Just over two weeks ago the Lynx came home from Connecticut, where they’d been blown out by the Sun. The defending WNBA champions had lost five of six games. Coach Cheryl Reeve was fiddling with her rotations, trying to find the right mix amid talk that a once-proud team had suddenly grown old.
With a week between games, Reeve went back to basics — in a number of different ways. During a three-day “mini-training camp,” she worked the team on everything from setting a screen to taking the right angle needed to use that screen best.
“It was little things that it takes to win a possession,” Reeve said Monday, on her way back to the Twin Cities from Las Vegas, where the Lynx beat the Aces on Sunday. “How hard you have to play, or how smart. Whatever it is. There were things this team knows how to do, but things they weren’t doing in the first nine games. It’s not new, and it’s always hard. But when you don’t take care of little things, you don’t win.”
Since then? The Lynx are 4-0, a stretch in which they have led for all but a 16-second stretch in the first quarter against New York, when the Liberty held a brief, one-point lead. Reeve is not yet satisfied. There are still too many empty possessions, especially late in games, stretches that will hurt the team against quality competition such as Seattle. Reeve still is looking to develop — or find — quality backup for center Sylvia Fowles.
But the Lynx are playing better. Asked why, Reeve offered these items:
MVP = MVP
Reeve has said from the start that her two Most Vital Players, forward Maya Moore and Fowles, had to play like Most Valuable Player candidates for the team to win.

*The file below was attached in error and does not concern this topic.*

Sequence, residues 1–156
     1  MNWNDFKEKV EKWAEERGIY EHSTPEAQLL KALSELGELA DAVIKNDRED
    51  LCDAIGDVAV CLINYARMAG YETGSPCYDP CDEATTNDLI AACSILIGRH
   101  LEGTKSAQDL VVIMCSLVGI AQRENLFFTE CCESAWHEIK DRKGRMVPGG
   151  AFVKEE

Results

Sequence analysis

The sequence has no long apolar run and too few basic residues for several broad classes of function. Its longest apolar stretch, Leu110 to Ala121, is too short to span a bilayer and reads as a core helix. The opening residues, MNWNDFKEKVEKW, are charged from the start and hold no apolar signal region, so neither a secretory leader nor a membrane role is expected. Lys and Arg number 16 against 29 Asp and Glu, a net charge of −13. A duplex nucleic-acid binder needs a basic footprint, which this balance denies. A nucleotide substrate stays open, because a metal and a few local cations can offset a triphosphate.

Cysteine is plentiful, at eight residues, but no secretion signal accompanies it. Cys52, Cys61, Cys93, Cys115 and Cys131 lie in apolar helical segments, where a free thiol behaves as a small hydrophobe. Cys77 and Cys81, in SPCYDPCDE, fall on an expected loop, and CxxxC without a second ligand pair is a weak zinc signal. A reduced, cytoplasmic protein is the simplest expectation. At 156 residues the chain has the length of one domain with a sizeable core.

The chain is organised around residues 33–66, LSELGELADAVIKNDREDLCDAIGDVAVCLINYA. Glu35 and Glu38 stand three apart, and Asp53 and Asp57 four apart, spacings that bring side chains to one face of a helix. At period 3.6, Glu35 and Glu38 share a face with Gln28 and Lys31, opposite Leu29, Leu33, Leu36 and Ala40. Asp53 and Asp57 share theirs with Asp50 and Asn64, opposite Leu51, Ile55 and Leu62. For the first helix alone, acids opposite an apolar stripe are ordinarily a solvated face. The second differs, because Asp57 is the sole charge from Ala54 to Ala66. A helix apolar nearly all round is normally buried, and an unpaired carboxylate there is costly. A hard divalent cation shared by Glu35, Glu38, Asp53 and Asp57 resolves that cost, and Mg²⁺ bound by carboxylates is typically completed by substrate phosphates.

Moore has averaged 21.8 points, 5.5 rebounds and 4.3 assists in the team’s four-game winning streak and was named Monday the league’s Western Conference player of the week. It’s her 18th such award.
Reeve said Moore has been more aggressive, more engaged, more willing to take her shot.
“She’s been far more assertive, and she’s moving great without the ball,” Reeve said. “She had a great cut against Phoenix late to silence things for the last time.”
Fowles? Her numbers have been great start to finish. But Reeve says her center has stepped things up, especially on help defense in the post.
Reeve will admit that her determination to watch the minutes her veterans were playing got things all out of whack. In discussions with Lindsay Whalen, Reeve rededicated herself to playing Whalen more.
“We had to get back to our identity and rotation,” Reeve said. “Lindsay on the floor is important to us. We weren’t going to be able to get back on track without Lindsay being a part of it.”
Whalen averaged 25 minutes in the past two games, scoring a season-high 15 in a win at Phoenix and dishing a season-high nine assists Sunday.
Always a cog, veteran forward Rebekkah Brunson has been at her defensive best of late. The most recent example: Sunday, when she held likely rookie of the year A’ja Wilson to a season-low 10 points and nine shots. Reeve still has to stick with a minutes plan to protect Brunson’s knees, a job made difficult when Fowles gets into foul trouble. But Brunson’s defense and rebounding have been key.